Morningstar, Inc. is a provider of independent investment research in North America, Europe, Australia, and Asia. The Company focuses to create products that help investors reach their financial goals. It offers a range of data, software, research, and investment management offerings for financial advisors, asset managers, sponsors, and individual investors. It provides data and research insights on a range of investment offerings, including managed investment products, listed companies, capital markets, and real-time global market data. It conducts its business operations outside of the United States through subsidiaries in countries, including Australia, Brazil, Canada, Chile, Denmark, France, Germany, India, Italy, Japan, Luxembourg, Mexico, the Netherlands, New Zealand, Norway, People’s Republic of China (both Hong Kong and the mainland), Singapore, South Africa, South Korea, Spain, Sweden, Switzerland, Taiwan, Thailand, the United Arab Emirates, and the United Kingdom. MORN’s current market cap is $5.6 billion.

    • Earnings and Sales Growth: Earnings and sales growth is very strong; over the last twelve months, MORN’s earnings grew 49%, while revenues increased about 10%. In the last quarter, earnings growth was nearly 35%, while sales growth was modest, at about 3.66%. Growing earnings faster than sales isn’t easy to do, and generally isn’t sustainable in the long-term; however it is also a positive mark of management’s ability to maximize its business operations. The company also operates with a very impressive margin profile, since Net Income over the last twelve months as of the end of the third quarter was almost 15.6%, and actually increased slightly in the third quarter to 16.5%.
    • Free Cash Flow: MORN’s free cash flow is healthy, at more than $207 million for the last twelve months as of the third quarter of the year. This number has also increased steadily over the past year.
    • Debt to Equity: MORN has a debt/equity ratio of .14. This number is very low, and reflects a conservative management philosophy about its use of leverage. The company also has excellent liquidity, with more than $351 million in cash and liquid assets against only $125 million in long-term debt.
    • Dividend: MORN pays an annual dividend of $1.00 per share, which translates to a yield of only .76% at the stock’s current price.
    • Price/Book Ratio: there are a lot of ways to measure how much a stock should be worth; but one of the simplest methods that I like uses the stock’s Book Value, which for MORN is $20.44 per share and translates to a Price/Book ratio of 6.39 at the stock’s current price. This is where the cracks start to show up in the argument for thinking about the stock as any kind of a bargain; the stock’s historical Price/Book ratio is only 4.82, suggesting that stock is almost 25% overvalued right now. Price/Cash Flow analysis makes the value picture look even worse, since the stock is currently trading 34% above that historical average. That means that the baseline “fair value” for the stock is anywhere from $86 to $98 per share. That’s not talking about the bargain price, mind you – that’s just the price range where most value-oriented investors would concede represents a fair value for the stock under normal market conditions.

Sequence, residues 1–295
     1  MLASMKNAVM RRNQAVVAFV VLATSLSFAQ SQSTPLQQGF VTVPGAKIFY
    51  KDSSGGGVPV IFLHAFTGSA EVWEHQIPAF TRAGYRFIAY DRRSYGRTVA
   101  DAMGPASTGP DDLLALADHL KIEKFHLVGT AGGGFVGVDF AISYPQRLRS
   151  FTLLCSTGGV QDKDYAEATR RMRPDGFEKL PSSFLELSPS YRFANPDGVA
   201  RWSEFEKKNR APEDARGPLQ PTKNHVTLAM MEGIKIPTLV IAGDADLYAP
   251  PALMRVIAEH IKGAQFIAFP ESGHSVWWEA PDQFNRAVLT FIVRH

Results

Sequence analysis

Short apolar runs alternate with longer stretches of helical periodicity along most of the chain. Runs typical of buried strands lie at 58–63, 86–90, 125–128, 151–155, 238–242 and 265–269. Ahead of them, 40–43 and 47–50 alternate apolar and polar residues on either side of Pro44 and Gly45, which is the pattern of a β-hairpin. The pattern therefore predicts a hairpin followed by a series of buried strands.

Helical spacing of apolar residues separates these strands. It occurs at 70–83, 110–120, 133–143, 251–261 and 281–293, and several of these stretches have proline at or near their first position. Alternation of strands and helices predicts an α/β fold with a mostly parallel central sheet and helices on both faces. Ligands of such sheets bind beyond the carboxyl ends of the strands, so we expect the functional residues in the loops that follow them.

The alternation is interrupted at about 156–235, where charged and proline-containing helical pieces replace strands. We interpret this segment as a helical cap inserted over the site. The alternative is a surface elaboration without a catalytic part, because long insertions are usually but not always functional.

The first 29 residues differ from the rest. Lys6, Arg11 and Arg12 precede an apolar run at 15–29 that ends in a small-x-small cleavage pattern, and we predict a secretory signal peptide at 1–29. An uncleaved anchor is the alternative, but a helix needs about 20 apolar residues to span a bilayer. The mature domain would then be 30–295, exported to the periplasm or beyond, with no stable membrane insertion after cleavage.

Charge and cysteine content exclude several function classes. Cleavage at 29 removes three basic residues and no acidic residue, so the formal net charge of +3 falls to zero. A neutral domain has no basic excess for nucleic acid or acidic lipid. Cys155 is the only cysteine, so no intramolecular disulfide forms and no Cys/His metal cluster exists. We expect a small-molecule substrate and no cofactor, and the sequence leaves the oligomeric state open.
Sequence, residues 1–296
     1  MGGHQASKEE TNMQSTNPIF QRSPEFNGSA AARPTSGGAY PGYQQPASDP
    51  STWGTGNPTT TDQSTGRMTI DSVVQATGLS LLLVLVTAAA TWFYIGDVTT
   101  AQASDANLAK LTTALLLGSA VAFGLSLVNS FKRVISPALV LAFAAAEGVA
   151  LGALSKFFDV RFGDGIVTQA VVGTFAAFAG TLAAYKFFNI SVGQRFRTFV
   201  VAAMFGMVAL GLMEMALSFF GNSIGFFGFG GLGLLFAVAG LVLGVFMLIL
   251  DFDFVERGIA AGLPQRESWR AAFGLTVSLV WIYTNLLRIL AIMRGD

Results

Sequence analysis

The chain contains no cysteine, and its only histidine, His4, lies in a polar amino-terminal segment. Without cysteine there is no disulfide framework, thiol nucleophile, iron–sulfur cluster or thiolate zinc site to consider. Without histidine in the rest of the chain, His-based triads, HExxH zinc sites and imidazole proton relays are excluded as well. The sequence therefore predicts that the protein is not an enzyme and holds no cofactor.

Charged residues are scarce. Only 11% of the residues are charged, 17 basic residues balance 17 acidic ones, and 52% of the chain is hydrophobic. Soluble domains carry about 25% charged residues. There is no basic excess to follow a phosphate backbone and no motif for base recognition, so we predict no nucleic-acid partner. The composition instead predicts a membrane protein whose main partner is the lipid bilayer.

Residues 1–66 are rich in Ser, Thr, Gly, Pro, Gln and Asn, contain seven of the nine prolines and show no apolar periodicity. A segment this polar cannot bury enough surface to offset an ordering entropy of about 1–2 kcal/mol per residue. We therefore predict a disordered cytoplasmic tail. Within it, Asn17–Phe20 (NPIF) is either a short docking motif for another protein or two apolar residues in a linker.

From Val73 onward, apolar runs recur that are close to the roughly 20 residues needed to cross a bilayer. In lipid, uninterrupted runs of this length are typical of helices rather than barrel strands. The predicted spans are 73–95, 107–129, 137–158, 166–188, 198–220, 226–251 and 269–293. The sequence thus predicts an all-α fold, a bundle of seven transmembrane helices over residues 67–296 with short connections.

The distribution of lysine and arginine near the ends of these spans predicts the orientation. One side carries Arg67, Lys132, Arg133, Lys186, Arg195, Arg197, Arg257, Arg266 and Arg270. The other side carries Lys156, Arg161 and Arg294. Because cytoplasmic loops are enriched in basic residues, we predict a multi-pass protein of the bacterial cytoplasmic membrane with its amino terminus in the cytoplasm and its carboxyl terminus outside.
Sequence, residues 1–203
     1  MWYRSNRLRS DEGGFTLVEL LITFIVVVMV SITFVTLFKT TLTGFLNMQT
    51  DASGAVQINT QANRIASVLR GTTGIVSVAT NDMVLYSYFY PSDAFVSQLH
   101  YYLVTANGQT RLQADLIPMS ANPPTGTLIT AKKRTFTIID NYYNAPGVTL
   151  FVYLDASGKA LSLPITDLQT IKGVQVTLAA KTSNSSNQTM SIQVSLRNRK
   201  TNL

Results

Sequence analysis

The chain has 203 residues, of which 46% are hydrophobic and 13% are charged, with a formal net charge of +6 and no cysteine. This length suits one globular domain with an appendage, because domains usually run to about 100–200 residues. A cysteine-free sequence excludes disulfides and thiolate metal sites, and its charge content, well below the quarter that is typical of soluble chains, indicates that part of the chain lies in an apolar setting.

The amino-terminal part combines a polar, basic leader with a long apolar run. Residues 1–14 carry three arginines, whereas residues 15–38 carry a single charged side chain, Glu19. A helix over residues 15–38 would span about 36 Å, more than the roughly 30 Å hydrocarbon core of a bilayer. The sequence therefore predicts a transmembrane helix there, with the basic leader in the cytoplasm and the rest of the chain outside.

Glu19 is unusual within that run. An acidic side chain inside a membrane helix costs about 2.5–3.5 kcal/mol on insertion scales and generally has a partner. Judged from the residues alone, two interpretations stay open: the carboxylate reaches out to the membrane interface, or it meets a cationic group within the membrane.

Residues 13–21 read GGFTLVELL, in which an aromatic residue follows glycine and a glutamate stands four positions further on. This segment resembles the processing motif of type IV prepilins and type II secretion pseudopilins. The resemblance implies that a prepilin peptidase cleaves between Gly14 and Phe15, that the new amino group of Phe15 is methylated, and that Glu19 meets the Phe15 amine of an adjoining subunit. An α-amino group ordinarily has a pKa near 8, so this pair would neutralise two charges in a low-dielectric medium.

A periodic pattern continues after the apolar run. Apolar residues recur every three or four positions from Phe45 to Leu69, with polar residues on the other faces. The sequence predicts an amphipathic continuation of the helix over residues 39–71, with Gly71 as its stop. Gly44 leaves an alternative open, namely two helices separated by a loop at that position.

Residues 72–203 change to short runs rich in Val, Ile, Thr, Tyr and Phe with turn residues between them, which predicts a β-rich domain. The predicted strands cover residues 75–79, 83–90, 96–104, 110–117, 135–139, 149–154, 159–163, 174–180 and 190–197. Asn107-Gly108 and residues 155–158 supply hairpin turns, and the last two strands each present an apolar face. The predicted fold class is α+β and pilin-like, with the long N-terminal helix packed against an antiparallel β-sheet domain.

Technical Profile

    Here’s a look at the stock’s latest technical chart.

     

    • Current Price Action/Trends and Pivots: The chart above outlines the stock’s movement over the past year. Its upward trend until the beginning of September was very impressive – but so was the stock pullback from an all-time high price at around $144 per share leading into yesterday’s trading session. The stock actually covered more than half of the distance of that pullback in a single day on Thursday; the question that is hard to determine is what that outsized surge means. Conventional momentum analysis suggests the stock should follow that surge in momentum to keep driving towards the stock’s all time high; but such an atypical move also makes it quite like the stock could follow the same pattern that often happens when a stock gaps significantly away from its last closing price on an overnight basis. Most technical traders in that case would assume the stock would move back against that gap by at least half the size of the gap. That idea suggests the short-term momentum in this stock could easily translate to at least $7 of immediate downside risk.
    • Near-term Keys: The smart approach right now if you want to work any kind of short-term trade on this stock would be to wait for a day or two to let the stock start to develop a pattern away from Thursday’s massive move. If the stock pushes above Thursday’s closing price, the chances are pretty good the stock could push up to test near-term resistance between $135 and $139 per share – which might be a workable range for a short-term bullish momentum trade using call options or buying the stock outright. If the stock retreats off of Thursday’s closing price, however, don’t be surprised to see the stock drop back down into the mid-$120 level at least – that could be an opportunity to buy options with a target between $123 and $125 per share. Short-term, momentum-based trades are really the only practical way to work with this stock right now, since the overall long-term upside is limited by the stock’s all-time high at $144 and its incredibly overvalued status right now.